The Marriage of Kim K

Wed 2nd – Mon 28th August 2017

reviews

Helena Snider

at 09:36 on 20th Aug 2017

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'The Marriage of Kim K' resolves around a young couple – Amelia (Amelia Gabriel), a young lawyer, and her husband, Stephen (Stephen Hyde). He is an aspiring writer who watches Mozart for inspiration – though it’s implied his understanding is somewhat lacking – whereas she prefers to relax by watching 'Keeping Up With the Kardashians'. The plot seems entirely implausible for a show that lasts just over an hour, but somehow, the cast and the director pull it off.

There are several strands to the story. We watch not only Amelia and Stephen, but we also watch them watching Kim Kardashian and her husband of 72 days Kris Humphries (Yasemin Mireille and James Edge), as well as Count (Nathan Bellis) and Countess Almaviva (Emily Burnett) from Mozart’s 'The Marriage of Figaro'.

It is deeply clever; my only critique is that it might be too clever and ambitious for its own good. That being said, perhaps the over-ambition lends itself to a farcical element. The Count and Countess start singing in English after Amelia turns on the English subtitles. This is a smooth way to convey a sense of meta-theatre. However, that the audience were supposed to see themselves reflected in the main couple – Amelia and Stephen - was perhaps made overly clear.

In terms of singing, the Countess and Amelia were the highlights. The original musical numbers, somewhat inevitably, get outshone by Mozart’s melodies. However, this is arguably to highlight the cultural and intellectual disparity between one of the most famous and successful operas of all time, and a reality television show. Kim’s falseness and superficiality is one of the main sources of comedic gold.

That being said, there was a refreshing lack of snobbery regarding the portrayal of Kim’s character generally; in fact, her character was arguably given more depth in this musical than she is ever shown to have in real-life interviews or on her TV show. Moreover, her husband’s insistent objectification of her served to highlight the manner in which TV stars are reduced to two-dimensional characters in a fame-game which has more to do with the audience’s projection than anything else. The point is that we do occasionally catch a glimpse at Kim’s conflicts and deeper unhappiness, for example when she faces a moral conundrum on the phone to Kayne West (her future husband).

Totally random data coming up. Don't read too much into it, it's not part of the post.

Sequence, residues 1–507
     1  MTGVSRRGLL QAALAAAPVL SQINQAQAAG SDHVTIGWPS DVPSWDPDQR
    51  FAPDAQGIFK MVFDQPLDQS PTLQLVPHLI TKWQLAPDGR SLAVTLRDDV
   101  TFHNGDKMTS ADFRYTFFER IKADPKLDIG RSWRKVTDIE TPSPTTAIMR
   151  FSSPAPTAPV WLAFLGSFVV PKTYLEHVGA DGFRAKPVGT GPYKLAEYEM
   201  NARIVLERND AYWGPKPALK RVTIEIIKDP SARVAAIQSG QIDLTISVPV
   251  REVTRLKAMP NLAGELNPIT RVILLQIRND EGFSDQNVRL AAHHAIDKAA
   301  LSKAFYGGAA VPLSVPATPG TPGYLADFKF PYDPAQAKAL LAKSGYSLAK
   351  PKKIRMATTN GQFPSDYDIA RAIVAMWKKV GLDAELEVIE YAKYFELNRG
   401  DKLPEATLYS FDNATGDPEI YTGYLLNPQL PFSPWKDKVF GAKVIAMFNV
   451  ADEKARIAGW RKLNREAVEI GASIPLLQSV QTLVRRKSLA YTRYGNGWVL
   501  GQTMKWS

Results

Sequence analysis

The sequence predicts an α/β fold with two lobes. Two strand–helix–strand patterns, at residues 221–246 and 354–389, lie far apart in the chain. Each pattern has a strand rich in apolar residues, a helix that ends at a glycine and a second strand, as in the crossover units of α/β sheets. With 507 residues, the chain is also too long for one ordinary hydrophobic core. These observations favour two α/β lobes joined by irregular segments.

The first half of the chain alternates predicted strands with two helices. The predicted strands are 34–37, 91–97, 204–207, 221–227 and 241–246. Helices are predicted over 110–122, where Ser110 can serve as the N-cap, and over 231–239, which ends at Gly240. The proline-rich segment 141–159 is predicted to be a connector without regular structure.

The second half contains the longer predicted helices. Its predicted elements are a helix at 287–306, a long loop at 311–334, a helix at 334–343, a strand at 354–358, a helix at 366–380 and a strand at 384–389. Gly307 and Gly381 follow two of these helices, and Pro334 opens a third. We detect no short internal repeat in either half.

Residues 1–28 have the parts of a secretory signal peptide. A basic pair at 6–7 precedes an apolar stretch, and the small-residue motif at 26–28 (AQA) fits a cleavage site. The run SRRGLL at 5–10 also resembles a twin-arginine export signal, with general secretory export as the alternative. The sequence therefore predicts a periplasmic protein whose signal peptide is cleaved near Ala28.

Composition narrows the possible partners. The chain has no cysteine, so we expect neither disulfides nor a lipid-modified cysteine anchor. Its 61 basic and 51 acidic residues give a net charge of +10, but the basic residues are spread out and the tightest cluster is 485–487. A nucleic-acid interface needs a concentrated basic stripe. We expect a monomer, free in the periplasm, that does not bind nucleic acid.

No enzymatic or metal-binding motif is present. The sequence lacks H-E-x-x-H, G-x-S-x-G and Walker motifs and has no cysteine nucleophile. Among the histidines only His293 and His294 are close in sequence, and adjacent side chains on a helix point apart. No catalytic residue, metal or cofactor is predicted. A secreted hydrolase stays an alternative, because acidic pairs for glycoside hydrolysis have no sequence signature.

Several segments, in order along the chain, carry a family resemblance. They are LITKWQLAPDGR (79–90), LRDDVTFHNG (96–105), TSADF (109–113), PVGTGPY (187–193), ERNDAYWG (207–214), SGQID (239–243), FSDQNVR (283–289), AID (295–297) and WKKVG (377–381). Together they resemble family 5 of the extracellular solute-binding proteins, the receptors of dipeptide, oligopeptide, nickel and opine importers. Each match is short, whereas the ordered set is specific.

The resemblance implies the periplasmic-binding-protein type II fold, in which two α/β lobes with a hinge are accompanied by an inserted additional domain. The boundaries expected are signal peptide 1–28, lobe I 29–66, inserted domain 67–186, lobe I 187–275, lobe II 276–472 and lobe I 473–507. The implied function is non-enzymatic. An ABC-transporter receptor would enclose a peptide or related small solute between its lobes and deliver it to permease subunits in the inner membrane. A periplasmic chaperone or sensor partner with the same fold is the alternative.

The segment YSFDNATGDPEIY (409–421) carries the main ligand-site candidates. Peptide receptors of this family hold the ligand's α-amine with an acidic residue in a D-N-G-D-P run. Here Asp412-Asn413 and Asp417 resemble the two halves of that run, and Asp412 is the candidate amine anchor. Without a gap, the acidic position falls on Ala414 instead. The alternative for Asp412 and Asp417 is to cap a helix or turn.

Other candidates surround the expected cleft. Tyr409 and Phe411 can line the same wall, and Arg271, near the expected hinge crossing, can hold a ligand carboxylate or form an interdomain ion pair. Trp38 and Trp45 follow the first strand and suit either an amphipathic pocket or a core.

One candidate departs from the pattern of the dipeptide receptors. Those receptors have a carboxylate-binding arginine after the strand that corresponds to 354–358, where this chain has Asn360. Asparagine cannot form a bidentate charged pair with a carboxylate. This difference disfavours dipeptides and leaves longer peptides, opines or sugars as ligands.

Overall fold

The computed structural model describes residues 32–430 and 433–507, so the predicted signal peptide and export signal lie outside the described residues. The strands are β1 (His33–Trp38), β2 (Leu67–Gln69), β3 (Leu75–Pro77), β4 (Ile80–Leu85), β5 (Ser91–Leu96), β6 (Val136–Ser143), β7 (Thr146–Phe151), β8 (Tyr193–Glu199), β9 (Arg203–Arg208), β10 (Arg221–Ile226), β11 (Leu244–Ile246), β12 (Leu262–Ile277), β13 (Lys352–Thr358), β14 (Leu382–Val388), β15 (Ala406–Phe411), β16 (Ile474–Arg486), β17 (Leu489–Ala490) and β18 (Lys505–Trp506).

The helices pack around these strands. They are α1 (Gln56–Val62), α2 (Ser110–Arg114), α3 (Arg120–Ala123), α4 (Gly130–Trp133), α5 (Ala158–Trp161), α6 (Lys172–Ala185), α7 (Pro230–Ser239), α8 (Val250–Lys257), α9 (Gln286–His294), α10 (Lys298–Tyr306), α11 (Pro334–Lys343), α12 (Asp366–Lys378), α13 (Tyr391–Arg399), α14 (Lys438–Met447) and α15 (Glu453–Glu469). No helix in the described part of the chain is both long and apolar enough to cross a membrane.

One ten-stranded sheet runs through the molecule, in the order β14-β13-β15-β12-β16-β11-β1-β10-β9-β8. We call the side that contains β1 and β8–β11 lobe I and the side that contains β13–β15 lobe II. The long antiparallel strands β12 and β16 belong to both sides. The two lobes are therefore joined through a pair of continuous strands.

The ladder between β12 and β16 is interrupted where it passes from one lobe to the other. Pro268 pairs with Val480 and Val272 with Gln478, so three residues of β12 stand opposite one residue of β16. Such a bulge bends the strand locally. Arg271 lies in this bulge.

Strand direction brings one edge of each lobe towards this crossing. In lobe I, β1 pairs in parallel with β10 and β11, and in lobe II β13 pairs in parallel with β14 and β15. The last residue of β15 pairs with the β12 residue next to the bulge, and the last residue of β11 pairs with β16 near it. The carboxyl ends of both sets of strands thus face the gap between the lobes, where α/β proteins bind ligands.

All six performers are highly talented, though Mireille and Edge enjoyed the most stage presence, and were the ones who elicited the most out loud laughs. All in all, this was an engaging, highly innovative and original production, which was well worth the watch. I highly recommend it.

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Adele Cooke

at 18:50 on 20th Aug 2017

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Mozart’s The Marriage of Figaro and Kim Kardashian’s 2011 marriage to Kris Humphries seem like an unusual pairing. When added to a score which compiles both features of classical opera and the modern musical, it’s no wonder this show captures a millennial imagination. Yet somehow amongst this seemingly in-cohesive compilation comes laugh out loud theatrical brilliance of the highest kind.

The show centres on the relationship of Amelia and Stephen, a couple both on and off stage. Using the central device of the television, the play fluctuates between sections of The Marriage of Figaro and the televising of Kim Kardashian’s wedding preparations. This is surprisingly effective, as associate director Leoe Mercer and director Stephen Hyde draw on similar themes in both stories, juxtaposing the conflict of Count Almaviva and Countess Rosina with Kim’s growing distain for her husband Kris. This allows the show to flow seamlessly, as the audience are caught up in the tribulations of relationships through the ages- and are convincingly able to relate to the couples from 1778 and 2011.

Having only been created recently, in 2015, I will admit that professionalism was not at the forefront of my expectations for ‘The Marriage of Kim K’. However, I was pleasantly surprised by the sheer quality of the show. Fusing so called “reality theatre” with classical opera is no mean feat, yet Mercer and Hyde accomplish this masterfully. The score shifted from Mozart’s melodies to hip-hop, R&B, musical theatre, blues and jazz, yet never seemed in-cohesive. I was surprised to discover that Amelia Gabriel is about to begin the final year of her undergraduate English degree, as her performance shone with a greater professionalism than you might expect from a student performer. Special mention should also be made to Emily Burnett and Nathan Bellis, whose homages to Mozart’s original opera were faultless, even when integrated with the “magpie collage” of Kim K’s vocals. The audience evidently enjoyed the performance as much as I did, giving the cast a standing ovation upon the show’s completion, and laughing deeply and frequently throughout. Although reality television is at the core of this production, its execution was anything but stereotypically trashy.

With regards to production, I was impressed by producer, designer and lighting designer Alexander Newton’s creation of staging zones, separating Kim K and comic opera. This was effective, as the play was not swallowed by its own intelligence. I was also greatly impressed by the way in which these zones became integrated, as Amelia and Kim sung in unison, once again teasing out the subtle themes of betrayal, resentment and social status that united this series of couples. After ten years of ‘Keeping up with the Kardashians’, this play is seemingly another golden opportunity for Kim’s reinvention- and her audience love it.

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